AI should be regulated like medicine and nuclear power: UK minister

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Developers working on artificial intelligence should be licensed and regulated in the same way as the pharmaceutical, medical or nuclear industries, according to a representative of the opposing British political party.

Lucy Powell, a politician and digital spokesperson for the UK Labor Party, told the Guardian on June 5 that companies like OpenAI or Google that have created AI models should “have a license to build those models”, adding:

“My real concern is the lack of any regulation of large language models that can then be applied to a range of AI tools, whether it’s governing how they’re built, how they’re are managed or how they are controlled.”

Powell argued that regulating the development of certain technologies is a better option than banning them, as the European Union has banned facial recognition tools.

She added that AI “can have many unintended consequences,” but if developers were forced to be open about their AI training models and datasets, some risks could be mitigated by the government.

“This technology is changing so rapidly that it requires an active and interventionist government approach, rather than a laissez-faire approach,” she said.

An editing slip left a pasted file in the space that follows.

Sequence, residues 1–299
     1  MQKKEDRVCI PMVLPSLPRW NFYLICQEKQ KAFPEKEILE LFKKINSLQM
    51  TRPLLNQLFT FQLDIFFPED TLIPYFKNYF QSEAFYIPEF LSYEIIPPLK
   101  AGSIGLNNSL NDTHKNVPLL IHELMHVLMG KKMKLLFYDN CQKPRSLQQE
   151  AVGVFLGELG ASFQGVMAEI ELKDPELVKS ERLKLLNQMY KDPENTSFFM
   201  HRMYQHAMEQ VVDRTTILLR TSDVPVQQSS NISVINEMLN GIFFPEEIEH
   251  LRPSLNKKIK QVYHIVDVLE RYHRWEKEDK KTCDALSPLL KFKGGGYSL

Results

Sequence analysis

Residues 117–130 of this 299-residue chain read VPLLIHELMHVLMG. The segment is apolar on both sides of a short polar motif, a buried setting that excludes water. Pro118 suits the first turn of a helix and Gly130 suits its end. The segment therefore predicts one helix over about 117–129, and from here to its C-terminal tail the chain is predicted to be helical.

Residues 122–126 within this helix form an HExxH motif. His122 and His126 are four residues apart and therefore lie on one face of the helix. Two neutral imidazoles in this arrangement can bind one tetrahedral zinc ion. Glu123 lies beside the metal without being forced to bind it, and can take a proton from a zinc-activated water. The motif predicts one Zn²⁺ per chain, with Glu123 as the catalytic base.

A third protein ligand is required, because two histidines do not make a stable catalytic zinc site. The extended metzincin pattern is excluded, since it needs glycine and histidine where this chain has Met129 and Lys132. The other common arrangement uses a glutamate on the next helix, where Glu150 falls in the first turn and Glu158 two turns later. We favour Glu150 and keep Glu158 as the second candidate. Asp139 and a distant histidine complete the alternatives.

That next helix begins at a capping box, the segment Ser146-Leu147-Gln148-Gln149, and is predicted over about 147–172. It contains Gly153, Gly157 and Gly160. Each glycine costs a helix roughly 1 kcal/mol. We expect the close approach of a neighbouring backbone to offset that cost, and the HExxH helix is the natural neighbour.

Powell also believes such cutting-edge technology could have a huge impact on the UK economy and that Labor is in the process of finishing its own policies on AI and related technologies.

Next week, Labor leader Keir Starmer plans to hold a meeting with the party’s shadow cabinet at Google’s UK offices so he can speak with its AI-focused executives.

Related: EU officials want all AI-generated content tagged

Meanwhile, on June 5, Matt Clifford, chairman of the Advanced Research and Invention Agency – the government research agency set up last February – appeared on TalkTV to warn that AI could threaten humans in just two years.

“If we don’t start thinking now about how to regulate and think about safety, then in two years we will find that we have systems that are very powerful indeed,” he said. Clifford clarified, however, that a two-year timeframe is “the bullish end of the spectrum.”

Clifford pointed out that today’s AI tools could be used to help “launch large-scale cyberattacks.” OpenAI has offered $1 million to support AI-assisted cybersecurity technology to thwart such uses.

“I think there are (sic) a lot of different scenarios to worry about,” he said. “I certainly think it’s fair that he’s very high on policymakers’ agendas.”

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